The following is an excerpt from Soldiers of the Nation: Military Service and Modern Puerto Rico, 1868-1952 (June 2018) by Harry Franqui-Rivera.
During the summer of 2001 I interviewed several Korean War veterans in Puerto Rico. Those interviews were part of my research on the renowned 65th Infantry Regiment, also known as the Borinqueneers. I hoped the interviews would bring a more personal feeling to my project. But those veterans did more than that. They opened my eyes to larger historical processes. Many described themselves as jíbaros, as humble Puerto Rican rural folks. When I met them, they no longer lived off the land. In fact, after the war many finished high school and attended vocational schools and colleges. They set up small and medium-sized businesses, from the local colmado and barra to an engineering contracting firm and everything in between. Some became local leaders or assemblymen or joined the army of technicians and technocrats in charge of carrying out the socioeconomic restructuring of the island as envisioned by the creators of the political experiment we know as the Estado Libre Asociado de Puerto Rico (ELA), or the Commonwealth.
They had been transformed by their military service. Their professions had little to do with the romanticized figure of the Puerto Rican rural folk. However, they proudly claimed that they continued to be jíbaros. And true to form, they showed me the hospitality for which the rural folk are famous. I was invited into their houses and to their tables. I quickly figured I was going through a vetting process. At their tables I was offered a mix of imported goods and the fresh plantains, green bananas, tubers, avocados, mangoes, and oranges that they continue to grow in small plots of land (el patio) behind their cement houses. The generous meals they offered me were representative of two worlds. There was the modern world exemplified by the processed, imported food bought at the supermarket, Sam’s Club, or Costco. But there also was a world that had supposedly disappeared during the march toward a modern industrialized Puerto Rico. That world was represented by the viandas (tubers) and other products they offered me from their gardens. As I enjoyed their hospitality and broke bread with them, I realized that these veterans had not just negotiated these two worlds. They had fused them. Military service had transformed them in many ways, but it had also allowed them to subsidize that jíbaro way of living. And in that sense, they had made their colonial encounter with the military a collaborative experience in which, to borrow Michael C. Hawkins’s description of the clash between the Moros of the Southern Philippines and the U.S. military, they “established the parameters of their own modern selves.”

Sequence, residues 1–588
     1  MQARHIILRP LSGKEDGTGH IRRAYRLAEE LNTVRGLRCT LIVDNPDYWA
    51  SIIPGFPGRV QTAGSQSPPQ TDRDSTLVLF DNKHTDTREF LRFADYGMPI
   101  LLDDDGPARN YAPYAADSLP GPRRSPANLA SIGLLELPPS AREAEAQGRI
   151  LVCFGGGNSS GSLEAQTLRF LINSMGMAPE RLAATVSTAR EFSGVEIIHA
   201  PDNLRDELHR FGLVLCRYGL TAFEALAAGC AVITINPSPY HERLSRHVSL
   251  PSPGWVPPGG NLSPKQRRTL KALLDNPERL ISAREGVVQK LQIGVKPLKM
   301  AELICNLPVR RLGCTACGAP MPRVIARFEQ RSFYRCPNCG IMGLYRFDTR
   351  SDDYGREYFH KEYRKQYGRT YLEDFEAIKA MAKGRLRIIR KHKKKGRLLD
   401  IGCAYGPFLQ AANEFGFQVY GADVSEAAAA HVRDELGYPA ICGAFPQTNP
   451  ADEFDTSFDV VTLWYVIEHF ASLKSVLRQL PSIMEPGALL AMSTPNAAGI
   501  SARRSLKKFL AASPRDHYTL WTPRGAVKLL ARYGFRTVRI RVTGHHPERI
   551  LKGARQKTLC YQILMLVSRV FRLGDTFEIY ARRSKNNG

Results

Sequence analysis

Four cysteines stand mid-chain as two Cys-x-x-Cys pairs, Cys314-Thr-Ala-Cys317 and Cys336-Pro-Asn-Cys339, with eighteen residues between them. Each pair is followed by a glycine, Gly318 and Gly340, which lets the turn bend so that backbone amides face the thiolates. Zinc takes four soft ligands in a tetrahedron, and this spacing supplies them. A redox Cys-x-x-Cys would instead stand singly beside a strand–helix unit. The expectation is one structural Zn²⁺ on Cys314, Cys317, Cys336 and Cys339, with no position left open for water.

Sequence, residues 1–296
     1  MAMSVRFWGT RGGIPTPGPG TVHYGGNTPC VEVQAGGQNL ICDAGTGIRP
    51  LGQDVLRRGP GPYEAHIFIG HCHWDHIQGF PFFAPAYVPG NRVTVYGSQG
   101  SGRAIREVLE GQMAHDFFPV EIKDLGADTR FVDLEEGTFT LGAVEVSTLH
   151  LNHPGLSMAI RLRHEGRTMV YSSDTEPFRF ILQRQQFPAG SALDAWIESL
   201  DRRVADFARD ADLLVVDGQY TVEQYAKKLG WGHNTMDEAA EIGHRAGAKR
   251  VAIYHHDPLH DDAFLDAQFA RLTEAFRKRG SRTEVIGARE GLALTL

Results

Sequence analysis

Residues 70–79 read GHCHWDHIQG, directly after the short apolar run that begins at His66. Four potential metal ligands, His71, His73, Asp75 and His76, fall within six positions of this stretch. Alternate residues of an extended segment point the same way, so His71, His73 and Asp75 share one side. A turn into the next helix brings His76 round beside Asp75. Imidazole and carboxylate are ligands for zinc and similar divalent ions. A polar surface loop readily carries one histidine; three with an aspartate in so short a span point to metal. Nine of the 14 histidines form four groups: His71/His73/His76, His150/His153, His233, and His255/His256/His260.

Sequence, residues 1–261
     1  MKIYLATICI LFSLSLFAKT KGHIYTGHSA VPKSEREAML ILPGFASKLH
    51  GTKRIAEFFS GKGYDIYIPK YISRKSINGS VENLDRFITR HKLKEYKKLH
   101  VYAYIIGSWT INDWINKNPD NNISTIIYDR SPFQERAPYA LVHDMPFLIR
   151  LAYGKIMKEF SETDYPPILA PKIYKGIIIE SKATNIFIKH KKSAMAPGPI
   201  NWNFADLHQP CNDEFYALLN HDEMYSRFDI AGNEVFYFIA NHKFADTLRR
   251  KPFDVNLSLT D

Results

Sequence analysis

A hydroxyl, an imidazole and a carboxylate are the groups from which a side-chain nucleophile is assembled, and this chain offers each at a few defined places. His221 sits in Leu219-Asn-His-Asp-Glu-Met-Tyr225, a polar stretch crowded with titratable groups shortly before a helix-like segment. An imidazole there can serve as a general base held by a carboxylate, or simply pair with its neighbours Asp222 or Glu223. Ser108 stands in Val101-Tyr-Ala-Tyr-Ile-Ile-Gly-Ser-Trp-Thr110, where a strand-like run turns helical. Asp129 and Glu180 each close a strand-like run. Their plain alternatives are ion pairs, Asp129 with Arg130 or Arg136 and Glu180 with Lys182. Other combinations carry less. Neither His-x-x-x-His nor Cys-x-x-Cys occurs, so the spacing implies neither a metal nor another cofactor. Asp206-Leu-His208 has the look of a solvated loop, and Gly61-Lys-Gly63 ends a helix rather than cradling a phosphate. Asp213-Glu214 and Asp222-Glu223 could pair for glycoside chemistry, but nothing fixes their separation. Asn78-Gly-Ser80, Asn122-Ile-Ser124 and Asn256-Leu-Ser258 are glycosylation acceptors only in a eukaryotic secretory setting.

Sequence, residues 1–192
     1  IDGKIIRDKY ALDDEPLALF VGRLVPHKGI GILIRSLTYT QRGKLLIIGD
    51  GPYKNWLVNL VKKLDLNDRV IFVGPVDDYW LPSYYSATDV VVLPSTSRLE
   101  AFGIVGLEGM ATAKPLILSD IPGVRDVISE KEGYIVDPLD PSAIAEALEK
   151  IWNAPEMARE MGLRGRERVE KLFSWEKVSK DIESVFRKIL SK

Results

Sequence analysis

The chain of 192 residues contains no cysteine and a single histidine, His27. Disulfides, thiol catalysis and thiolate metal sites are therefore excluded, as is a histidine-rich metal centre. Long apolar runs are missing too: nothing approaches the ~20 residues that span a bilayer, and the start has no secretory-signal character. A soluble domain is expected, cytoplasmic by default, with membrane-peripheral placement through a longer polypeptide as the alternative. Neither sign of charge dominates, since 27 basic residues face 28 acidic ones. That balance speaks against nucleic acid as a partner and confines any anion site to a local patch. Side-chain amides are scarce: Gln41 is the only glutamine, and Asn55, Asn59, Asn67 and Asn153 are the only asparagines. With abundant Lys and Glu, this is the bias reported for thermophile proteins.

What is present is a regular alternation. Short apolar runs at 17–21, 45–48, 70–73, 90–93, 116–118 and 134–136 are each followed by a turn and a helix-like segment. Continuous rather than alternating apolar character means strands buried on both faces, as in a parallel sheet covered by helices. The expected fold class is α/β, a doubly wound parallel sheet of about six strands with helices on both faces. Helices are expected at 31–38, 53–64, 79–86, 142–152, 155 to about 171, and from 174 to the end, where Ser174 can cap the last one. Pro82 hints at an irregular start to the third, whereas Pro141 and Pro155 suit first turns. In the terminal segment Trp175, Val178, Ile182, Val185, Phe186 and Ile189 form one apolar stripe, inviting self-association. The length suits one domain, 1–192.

These soldiers did more than negotiate and establish their own identities. They were instrumental in redefining Puertoricaness and modern Puerto Rico during the transformative 1940s and 1950s. In 1952 a military news release from Korea announced that
a can full of Korean earth, hallowed by the sacrifices of Puerto Rican American soldiers, is on its way to Corozal, Puerto Rico, where it will become part of a monument to Puerto Ricans who gave their lives in Korea. The frozen, snow-covered soil was taken from ground over which the Puerto Rican Regiment has battled, and from an area where men have died. It will be placed in the cornerstone of the Corozal monument.